Both the Conservatives and the Ulster Unionists deny that any specific bargain has been made; and there is no reason to disbelieve them. For it is Kevin McNamara, Labour's Northern Ireland spokesman, who is the true architect of the Tory/Unionist entente. His proposal for joint London/Dublin sovereignty over Northern Ireland served to remind the Unionists that Labour, since the time of Michael Foot, has favoured the unification of Ireland by consent. This is less a policy than a slogan inhibiting thought, yet while Labour's other policies of the early Eighties have been overturned one by one, 'reunification by consent' remains. A more skilful tactician than John Smith would have jettisoned both the policy and also its most prominent supporter, Mr McNamara.

It is, then, a hung parliament and a grievously wounded prime minister that will take Britain through to the next stage of Community policy. For, paradoxically, while the Government has been struggling to ratify Maastricht, the foundations on which the treaty was constructed have been collapsing. Europe's response to the Bosnian crisis has exposed the hollowness of a 'common foreign and security policy', while the gradual unravelling of the ERM, to be expected when France, and perhaps Denmark and Belgium also, are forced to devalue, will put the last nail in the coffin of monetary union. Most important of all, the close results of the referendums in Denmark and France, together with the swing of opinion in Germany against monetary union, show that a European popular consciousness, without which unity cannot be built, simply does not exist.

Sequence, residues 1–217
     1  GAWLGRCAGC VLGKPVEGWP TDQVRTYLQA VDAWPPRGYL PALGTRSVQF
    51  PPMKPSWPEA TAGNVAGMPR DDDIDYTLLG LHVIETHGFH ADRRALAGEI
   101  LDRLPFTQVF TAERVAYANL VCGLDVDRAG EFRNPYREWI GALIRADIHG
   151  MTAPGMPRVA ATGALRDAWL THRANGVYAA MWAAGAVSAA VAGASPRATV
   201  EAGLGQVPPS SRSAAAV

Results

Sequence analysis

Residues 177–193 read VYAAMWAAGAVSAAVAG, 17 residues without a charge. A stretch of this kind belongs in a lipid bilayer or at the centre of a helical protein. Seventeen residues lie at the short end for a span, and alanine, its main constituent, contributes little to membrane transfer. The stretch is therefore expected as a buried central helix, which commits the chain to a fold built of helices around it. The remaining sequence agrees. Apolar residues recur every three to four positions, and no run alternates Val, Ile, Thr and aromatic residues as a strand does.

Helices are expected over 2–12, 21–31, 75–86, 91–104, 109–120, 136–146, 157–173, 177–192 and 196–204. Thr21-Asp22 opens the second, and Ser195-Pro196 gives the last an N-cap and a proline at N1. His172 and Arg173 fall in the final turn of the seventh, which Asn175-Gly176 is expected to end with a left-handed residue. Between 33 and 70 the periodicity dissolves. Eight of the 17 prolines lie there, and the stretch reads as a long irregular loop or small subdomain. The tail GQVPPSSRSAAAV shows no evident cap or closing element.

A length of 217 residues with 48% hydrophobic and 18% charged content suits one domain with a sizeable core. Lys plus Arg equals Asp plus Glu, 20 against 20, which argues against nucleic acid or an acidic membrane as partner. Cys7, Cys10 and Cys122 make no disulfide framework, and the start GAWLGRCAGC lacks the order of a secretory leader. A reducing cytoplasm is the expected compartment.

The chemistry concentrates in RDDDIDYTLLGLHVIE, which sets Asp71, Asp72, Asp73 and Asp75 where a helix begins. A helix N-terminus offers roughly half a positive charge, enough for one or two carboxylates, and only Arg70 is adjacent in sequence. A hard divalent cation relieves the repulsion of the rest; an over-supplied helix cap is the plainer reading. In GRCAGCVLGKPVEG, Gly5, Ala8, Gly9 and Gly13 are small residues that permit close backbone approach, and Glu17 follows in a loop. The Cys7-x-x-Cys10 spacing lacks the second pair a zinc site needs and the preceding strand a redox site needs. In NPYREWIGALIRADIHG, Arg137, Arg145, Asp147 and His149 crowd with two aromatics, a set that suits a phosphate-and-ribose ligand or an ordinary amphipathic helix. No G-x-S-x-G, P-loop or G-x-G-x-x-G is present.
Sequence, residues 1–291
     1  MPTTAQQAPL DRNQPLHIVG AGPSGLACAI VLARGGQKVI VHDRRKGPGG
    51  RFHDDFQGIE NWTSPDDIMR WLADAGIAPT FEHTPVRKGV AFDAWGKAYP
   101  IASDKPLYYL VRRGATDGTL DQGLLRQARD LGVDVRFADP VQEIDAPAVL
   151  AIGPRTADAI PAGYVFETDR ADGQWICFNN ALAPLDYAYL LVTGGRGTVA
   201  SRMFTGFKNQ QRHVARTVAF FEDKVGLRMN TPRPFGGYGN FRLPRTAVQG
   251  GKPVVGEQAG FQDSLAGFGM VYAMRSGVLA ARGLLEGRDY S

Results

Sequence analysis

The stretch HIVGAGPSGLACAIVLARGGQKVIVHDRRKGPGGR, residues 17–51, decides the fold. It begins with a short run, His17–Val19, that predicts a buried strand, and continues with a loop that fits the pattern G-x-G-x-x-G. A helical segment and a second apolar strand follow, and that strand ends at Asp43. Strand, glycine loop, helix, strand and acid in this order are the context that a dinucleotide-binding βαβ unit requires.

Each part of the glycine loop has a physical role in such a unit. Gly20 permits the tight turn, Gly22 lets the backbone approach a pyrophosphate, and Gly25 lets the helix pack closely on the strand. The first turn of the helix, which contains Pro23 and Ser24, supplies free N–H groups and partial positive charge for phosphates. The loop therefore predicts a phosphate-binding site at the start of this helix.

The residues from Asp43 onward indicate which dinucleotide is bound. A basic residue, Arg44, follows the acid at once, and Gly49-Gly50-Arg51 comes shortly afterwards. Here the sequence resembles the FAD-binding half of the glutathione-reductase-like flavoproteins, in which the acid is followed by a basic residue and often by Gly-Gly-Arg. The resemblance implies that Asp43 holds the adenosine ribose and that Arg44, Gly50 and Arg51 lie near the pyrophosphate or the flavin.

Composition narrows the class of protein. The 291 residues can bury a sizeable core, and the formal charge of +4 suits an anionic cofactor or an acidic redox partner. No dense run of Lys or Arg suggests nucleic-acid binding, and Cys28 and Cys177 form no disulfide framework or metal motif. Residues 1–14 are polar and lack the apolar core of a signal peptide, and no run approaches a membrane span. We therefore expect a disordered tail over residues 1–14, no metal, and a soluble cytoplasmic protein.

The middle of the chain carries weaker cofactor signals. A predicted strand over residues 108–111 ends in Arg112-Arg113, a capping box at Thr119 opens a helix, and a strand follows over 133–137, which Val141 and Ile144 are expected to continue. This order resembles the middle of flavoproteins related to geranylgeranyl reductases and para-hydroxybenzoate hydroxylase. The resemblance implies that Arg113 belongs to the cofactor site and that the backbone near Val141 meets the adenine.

It is likely, therefore, that the next intergovernmental conference, due in 1996, will have to return to fundamentals. So far, the European Community has been based on the premiss that the leaders lead and the people follow. It has not yet had to confront the problem of how to build Europe when the leaders lead, but the people no longer follow. 'Europe', Jacques Delors has declared, 'began as an elitist project (in which it was believed) that all that was required was to convince the decision-makers. That phase of benign despotism is now over.'

A reconsideration of the fundamentals of the Community must begin not with economic or foreign policy but with democracy, with securing genuine accountability in Community institutions. Thus the future shape of the Community will become more open to debate than it has been for many years. In that debate, a strong British government would have a wonderful opportunity to shape the Community to suit Britain's needs. Yet with a crippled Prime Minister, a deeply divided ruling party and a hung Parliament, the likelihood is that the decisions affecting this country's future will once again be taken by others. That is the saddest consequence of the futile manoeuvrings which ended the 1992-93 parliamentary session.

The writer is Reader in Government, Oxford University, and a Fellow of Brasenose College.

Colin Welch is on holiday